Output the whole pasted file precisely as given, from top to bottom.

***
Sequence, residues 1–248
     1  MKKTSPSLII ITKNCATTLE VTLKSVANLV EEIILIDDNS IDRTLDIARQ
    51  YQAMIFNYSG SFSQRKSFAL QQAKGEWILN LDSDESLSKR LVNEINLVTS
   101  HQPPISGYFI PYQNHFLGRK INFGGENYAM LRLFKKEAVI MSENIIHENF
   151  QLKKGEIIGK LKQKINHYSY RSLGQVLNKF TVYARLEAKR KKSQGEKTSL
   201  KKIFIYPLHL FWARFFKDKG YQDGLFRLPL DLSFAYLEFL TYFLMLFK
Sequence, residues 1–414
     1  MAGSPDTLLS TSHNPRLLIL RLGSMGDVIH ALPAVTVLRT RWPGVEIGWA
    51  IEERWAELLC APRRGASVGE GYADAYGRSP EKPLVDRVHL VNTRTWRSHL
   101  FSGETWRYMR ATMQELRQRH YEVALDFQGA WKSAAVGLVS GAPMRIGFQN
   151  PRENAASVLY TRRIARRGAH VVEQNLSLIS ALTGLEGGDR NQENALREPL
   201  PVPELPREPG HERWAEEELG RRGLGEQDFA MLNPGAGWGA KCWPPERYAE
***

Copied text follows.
Sequence, residues 1–248
     1  MKKTSPSLII ITKNCATTLE VTLKSVANLV EEIILIDDNS IDRTLDIARQ
    51  YQAMIFNYSG SFSQRKSFAL QQAKGEWILN LDSDESLSKR LVNEINLVTS
   101  HQPPISGYFI PYQNHFLGRK INFGGENYAM LRLFKKEAVI MSENIIHENF
   151  QLKKGEIIGK LKQKINHYSY RSLGQVLNKF TVYARLEAKR KKSQGEKTSL
   201  KKIFIYPLHL FWARFFKDKG YQDGLFRLPL DLSFAYLEFL TYFLMLFK
Sequence, residues 1–414
     1  MAGSPDTLLS TSHNPRLLIL RLGSMGDVIH ALPAVTVLRT RWPGVEIGWA
    51  IEERWAELLC APRRGASVGE GYADAYGRSP EKPLVDRVHL VNTRTWRSHL
   101  FSGETWRYMR ATMQELRQRH YEVALDFQGA WKSAAVGLVS GAPMRIGFQN
   151  PRENAASVLY TRRIARRGAH VVEQNLSLIS ALTGLEGGDR NQENALREPL
   201  PVPELPREPG HERWAEEELG RRGLGEQDFA MLNPGAGWGA KCWPPERYAE